Like anywhere else, the holiday season in Romania is filled with lots of cleaning, cooking, hosting and visiting friends, caroling and just a little sleeping.
This year, one of my English Clubs participated in the school’s Christmas celebration by performing “12 Days of Christmas”. I’m so proud of them because its extremely difficult and little frightful to get on stage, in front of the whole town, and sing in a foreign language. Not to mention the fact that the song we picked isn’t an easy one, even for native speakers! I think they did a fabulous job, and while you can’t hear them sing in the video they were and kept up with the dance steps. Bianca, Yulyana, Antonia, Felicia, Gabriela, Ovidiu, Liviu, Andreea, and Radu you guys did an excellent job.
If you can’t view the video, follow this link
Also, during the Christmas celebration students sang and danced to Romanian carols. Enjoy the collection of songs from Novaci’s celebration.
Here are the songs:
If you can’t see the video follow this link
Similar to last year, this Christmas I participated in colindeţ which occurs on December 24th and it takes place in town. The tradition is for kids to walk from home to home collecting fruits, bread, cookies, warm wine, warm Țuică and chocolate. Residents set up a table outside of their home and distribute what they have made or bought to share with the kids. Everything is collected in a traista (Romanian traditional bag) and brought home to share with the family. I especially like the homes that give out warm wine because after walking in the cold for over an hour a warm glass of wine gives me just enough warmth to continue walking.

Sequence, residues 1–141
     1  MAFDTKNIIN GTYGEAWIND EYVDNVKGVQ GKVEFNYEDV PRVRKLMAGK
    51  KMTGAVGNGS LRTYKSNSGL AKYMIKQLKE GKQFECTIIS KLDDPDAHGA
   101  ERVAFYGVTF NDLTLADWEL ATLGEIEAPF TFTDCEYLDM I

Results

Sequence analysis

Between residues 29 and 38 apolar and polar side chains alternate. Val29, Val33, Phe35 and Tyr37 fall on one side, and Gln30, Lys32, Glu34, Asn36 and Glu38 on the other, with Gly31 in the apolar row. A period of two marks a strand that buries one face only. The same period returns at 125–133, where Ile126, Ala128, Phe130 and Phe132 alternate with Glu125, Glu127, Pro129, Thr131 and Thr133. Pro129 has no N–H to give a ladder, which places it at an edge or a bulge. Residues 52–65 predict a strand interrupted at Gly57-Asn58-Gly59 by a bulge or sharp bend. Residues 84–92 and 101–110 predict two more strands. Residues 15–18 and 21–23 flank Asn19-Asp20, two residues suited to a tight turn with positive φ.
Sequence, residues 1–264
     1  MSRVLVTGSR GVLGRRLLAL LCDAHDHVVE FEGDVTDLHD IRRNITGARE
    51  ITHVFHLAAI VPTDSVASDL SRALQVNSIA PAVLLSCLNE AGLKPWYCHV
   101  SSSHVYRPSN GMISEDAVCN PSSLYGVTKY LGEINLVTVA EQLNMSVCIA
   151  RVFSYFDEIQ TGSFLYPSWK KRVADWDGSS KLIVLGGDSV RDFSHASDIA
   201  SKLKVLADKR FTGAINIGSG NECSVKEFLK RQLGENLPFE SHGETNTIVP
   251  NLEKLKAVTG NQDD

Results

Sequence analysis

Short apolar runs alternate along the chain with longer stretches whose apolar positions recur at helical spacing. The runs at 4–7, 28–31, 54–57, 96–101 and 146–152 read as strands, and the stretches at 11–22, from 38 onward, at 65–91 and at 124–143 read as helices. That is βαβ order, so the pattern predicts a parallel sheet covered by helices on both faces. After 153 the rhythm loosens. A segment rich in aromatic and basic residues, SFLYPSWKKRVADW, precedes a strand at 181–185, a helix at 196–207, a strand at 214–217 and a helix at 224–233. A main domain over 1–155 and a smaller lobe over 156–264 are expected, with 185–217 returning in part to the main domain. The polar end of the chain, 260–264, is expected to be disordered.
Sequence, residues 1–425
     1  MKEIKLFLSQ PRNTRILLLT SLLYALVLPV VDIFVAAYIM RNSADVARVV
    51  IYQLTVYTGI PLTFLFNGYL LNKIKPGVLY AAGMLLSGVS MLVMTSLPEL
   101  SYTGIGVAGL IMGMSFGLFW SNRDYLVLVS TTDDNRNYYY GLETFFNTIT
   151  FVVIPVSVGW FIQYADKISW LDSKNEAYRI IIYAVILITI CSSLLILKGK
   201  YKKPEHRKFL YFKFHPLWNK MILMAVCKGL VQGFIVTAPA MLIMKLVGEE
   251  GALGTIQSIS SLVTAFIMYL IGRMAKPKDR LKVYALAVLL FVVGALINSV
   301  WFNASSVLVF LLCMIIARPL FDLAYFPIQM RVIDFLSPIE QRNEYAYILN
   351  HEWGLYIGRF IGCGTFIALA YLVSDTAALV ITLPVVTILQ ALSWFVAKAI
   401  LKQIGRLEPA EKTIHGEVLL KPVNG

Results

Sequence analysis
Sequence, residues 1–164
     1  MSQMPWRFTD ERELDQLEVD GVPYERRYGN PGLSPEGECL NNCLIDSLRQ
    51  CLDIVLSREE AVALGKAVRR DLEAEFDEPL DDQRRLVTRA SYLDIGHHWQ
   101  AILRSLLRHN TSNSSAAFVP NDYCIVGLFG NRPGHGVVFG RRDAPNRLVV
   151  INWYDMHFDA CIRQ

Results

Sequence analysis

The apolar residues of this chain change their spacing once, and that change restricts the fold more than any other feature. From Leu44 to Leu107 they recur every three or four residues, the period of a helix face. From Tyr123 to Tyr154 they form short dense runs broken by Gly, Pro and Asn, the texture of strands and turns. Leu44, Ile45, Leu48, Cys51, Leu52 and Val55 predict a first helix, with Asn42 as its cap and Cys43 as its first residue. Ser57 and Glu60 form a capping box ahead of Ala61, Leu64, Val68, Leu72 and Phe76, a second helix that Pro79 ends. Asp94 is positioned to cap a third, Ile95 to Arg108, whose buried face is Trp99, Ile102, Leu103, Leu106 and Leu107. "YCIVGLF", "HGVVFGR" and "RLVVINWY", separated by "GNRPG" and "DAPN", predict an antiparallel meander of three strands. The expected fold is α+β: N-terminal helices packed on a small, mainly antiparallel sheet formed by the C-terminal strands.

While walking from house to house, my students taught me the following song:
Cine nu dā-m colindeţ
Sā-I moară porcu-n coteţi
Şi căteau-m grajdi la veci
Că aşai la Novaci
Who doesn’t give us colindeţ
I’ll slaughter your pig in the coop
And the dog in the stable
This is how its done in Novaci
Translation– it obviously rhymes in Romanian and sounds funnier. If you should take anything away from this song is that you shouldn’t mess with people from Novaci, WE’LL go after your animals 🙂
After colindeţ I came home to help my host family with the Christmas Day meal. In fact, cooking for Christmas is a long process that starts with the slaughtering of a pig and, in most cases, almost every family has a pig. I can only speak for the people I know in Novaci, people who live in big cities usually have or know someone in the countryside who can provide them with all the delicious sausages prepared after the slaughtering. Traditionally, the pig is slaughtered a day or two before Christmas to make several different sausages from the meat and other body part are used for soups and dishes for the Christmas season. However, now the slaughtering can take place anytime after December 1st because its a lot of work to slaughter a pig and make a meal in one day. I didn’t help with anything pig related this year but instead made “salata de boeof” which consist of slicing green and red peppers, tomatoes, cooked carrots, pickles and meat. After this is done we made homemade mustard and mixed it all together, it was delicious.
On the 25th I went to church with my host family. Usually, the Orthodox service is three hours long but we were only there for half of it. Standing is the norm during service as there are no pews in an Orthodox church. There is a lot of kneeling and standing so I usually get really dizzy and have to walk out to get some air. Its acceptable to do this, as people walk in and out of church during service all the time. And while there are no pews in church, there are wooden chairs along the wall that are usually reserved for the elderly.
I spent the rest of the holiday season with friends in Novaci and Targu Jiu. Being this my last Christmas in Romania, I wanted to make sure I was surrounded by the people who have taken such great care of me. Below are pictures of the Christmas lights in Targu Jiu, a city about 40 minutes from Novaci. I absolutely love these lights, they are filled with so much holiday spirit that its hard not to smile when you see them.
One more picture:
Time is indeed going fast.